Statistics show that boys of from sixteen to twenty years of age constitute about one-third of all the dangerous criminals, and that their proportionate number is increasing. Hence all benevolent people should be on the alert for the right training of the rising generation. All should especially co-operate with the Divine commandment by urging and encouraging parental authority and obedience thereto. Long life and prosperity were the rewards promised to the Jews under this commandment.
Nothing in this commandment forbids the killing of animals when necessary to the interests of the human family, either to abate pests or to sustain life. Neither does it forbid the execution of criminals; for thus it would be in conflict with the Divine Law elsewhere expressed, and practised under the guidance of Moses and by Divine direction.
This commandment, however, does teach that life is to be prized, not jeopardized. The spirit of this commandment, Jesus declared, includes the thought that we are not to have an angry spirit of murder, restrained merely by fear of consequences. We may thus see that the spirit of this commandment would make it incumbent upon those who employ labor or who have any supervision of their fellowmen to take all reasonable precaution for safeguarding against accidents of any kind. To allow self-interest or a love of money to perpetuate dangerous conditions [R5288 : page 236] would be to lack the proper spirit of obedience to this command—unchristian.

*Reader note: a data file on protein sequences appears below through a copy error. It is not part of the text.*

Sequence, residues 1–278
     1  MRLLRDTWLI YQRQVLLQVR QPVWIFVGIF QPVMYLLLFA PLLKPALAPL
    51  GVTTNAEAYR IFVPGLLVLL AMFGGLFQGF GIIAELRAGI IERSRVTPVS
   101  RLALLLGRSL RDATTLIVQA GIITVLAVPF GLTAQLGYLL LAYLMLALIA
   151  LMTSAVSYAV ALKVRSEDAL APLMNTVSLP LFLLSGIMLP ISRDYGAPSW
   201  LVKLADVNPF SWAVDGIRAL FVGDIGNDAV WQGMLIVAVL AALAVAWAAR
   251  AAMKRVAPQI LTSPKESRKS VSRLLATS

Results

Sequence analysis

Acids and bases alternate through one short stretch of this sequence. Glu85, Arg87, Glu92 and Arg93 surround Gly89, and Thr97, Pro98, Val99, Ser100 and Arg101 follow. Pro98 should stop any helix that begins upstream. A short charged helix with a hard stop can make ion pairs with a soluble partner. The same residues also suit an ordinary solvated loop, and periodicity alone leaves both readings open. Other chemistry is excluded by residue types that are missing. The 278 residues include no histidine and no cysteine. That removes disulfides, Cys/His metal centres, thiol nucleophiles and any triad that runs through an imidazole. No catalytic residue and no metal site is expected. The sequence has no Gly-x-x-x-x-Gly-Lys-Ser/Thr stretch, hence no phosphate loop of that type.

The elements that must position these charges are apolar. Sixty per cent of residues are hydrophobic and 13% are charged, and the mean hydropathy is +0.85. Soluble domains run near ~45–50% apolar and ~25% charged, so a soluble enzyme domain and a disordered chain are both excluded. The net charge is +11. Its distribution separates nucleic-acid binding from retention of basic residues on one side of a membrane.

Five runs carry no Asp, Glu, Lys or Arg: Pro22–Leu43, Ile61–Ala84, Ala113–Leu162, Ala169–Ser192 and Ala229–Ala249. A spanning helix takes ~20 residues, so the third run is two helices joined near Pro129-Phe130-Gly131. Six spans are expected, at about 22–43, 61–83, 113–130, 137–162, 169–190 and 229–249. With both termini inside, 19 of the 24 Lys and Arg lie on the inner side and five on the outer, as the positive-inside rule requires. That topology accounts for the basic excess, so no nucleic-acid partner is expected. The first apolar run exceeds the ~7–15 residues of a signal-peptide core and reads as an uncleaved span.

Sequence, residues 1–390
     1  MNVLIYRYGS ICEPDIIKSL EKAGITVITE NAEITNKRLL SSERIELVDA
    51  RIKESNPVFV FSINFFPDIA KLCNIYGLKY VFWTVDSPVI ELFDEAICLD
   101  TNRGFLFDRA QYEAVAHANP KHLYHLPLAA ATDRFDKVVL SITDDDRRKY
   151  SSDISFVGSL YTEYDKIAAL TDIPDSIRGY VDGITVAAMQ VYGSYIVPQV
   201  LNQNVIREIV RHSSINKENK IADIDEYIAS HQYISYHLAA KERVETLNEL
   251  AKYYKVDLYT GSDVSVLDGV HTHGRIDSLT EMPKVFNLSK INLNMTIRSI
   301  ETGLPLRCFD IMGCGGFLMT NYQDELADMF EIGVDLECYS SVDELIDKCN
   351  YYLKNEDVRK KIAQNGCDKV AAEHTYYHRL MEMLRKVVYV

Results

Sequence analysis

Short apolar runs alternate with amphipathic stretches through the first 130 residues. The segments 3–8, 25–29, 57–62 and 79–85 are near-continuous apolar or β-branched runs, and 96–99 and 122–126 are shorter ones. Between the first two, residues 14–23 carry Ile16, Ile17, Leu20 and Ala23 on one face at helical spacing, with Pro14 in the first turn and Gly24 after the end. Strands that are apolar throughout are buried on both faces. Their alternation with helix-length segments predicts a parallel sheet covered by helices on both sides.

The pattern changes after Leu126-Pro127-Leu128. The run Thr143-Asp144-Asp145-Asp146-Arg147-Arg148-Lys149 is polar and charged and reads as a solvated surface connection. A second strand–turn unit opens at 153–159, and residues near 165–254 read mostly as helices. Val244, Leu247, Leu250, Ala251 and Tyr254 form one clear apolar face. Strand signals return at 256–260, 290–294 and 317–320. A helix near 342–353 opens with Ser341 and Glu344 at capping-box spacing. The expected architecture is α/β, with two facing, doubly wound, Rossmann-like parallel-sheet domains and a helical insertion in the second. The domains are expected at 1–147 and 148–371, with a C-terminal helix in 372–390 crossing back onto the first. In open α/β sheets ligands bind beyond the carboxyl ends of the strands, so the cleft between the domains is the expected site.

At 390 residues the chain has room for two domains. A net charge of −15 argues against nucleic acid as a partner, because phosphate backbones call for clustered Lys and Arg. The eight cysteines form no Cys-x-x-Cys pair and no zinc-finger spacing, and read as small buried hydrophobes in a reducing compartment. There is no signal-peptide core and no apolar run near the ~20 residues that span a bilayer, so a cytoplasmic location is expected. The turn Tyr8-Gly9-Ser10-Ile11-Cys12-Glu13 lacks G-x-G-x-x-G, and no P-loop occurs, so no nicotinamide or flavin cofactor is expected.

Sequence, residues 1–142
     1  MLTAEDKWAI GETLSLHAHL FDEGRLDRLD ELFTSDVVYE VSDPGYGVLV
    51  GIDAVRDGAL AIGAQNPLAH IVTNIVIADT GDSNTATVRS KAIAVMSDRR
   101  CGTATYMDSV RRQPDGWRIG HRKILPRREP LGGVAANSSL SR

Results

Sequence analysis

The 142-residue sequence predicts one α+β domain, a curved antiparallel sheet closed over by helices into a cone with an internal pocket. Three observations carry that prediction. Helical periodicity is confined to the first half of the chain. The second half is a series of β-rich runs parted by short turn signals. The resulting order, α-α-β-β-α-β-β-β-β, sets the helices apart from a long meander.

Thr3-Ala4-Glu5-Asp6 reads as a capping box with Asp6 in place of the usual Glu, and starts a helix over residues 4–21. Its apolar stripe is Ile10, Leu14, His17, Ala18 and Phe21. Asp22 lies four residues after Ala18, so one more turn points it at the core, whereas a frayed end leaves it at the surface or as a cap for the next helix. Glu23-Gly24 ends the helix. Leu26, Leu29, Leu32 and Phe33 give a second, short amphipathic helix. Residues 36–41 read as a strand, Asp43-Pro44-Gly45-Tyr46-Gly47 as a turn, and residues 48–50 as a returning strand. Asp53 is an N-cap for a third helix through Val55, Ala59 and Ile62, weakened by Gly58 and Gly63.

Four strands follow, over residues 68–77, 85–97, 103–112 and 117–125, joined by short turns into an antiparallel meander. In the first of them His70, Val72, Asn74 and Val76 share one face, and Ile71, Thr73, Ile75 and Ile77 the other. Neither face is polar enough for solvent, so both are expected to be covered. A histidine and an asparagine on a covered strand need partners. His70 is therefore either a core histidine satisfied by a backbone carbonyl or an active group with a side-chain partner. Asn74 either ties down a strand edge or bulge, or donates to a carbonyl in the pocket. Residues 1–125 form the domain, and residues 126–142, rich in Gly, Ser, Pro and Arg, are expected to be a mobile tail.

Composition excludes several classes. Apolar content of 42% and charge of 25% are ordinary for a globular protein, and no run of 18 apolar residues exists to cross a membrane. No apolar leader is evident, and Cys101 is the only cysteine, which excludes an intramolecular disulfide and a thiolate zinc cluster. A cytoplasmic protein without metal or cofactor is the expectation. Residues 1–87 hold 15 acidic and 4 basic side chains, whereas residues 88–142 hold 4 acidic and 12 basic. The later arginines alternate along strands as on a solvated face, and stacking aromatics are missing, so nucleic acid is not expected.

One result of the fall has been a depravity of the sexual appetites. The result is impurity, unchastity, a lack of self-control. All of these tendencies lead away from God, from righteousness and from true happiness. The family unit of one husband and one wife, originally established by the Almighty in Eden, seems to be a cornerstone of righteousness, in the family and in national life. Purity, no adulteration, is the Divine requirement.
To steal is to take from another his possessions. Had not inventions in the line of electricity and steam kept pace with our increase of knowledge, the world today would be a thieves' paradise. But while buccaneering, piracy, robbery, burglary are reprobated by all intelligent people, many have a chance for a more subtle form of stealing, through stock speculations, organization of fake companies with glittering prospects, according to description, but really organized to take advantage of the less informed or weaker minded. This is stealing.
Making false returns to tax assessors is stealing. Attempt to smuggle without proper payment of customs duty is stealing. Failure to give agreed upon services for wages received is stealing. But the worst form of stealing, the one that does more harm than all the rest combined, is the one indicated in Shakespeare's words:
The Scriptural instruction to "speak evil of no man" seems to be comparatively unknown. As a result, many defile their own characters ignobly, blight the happiness of others and add to the distress of the already groaning creation.
In a thousand ways the spirit of this injunction may be violated, and is violated every day, not only by misrepresenting the goods we sell, or the goods we wish to buy, but in a thousand ways of slandering a neighbor.
Covetousness comes in first before the stealing, before the murdering, before the injury of slander. Covetousness is a heart disease which has to do with every other crime; for all sins have their basis in selfishness, and selfishness is covetousness. Well is this placed at the conclusion of the list. Whoever would keep the spirit of God's Law must guard his heart against covetousness.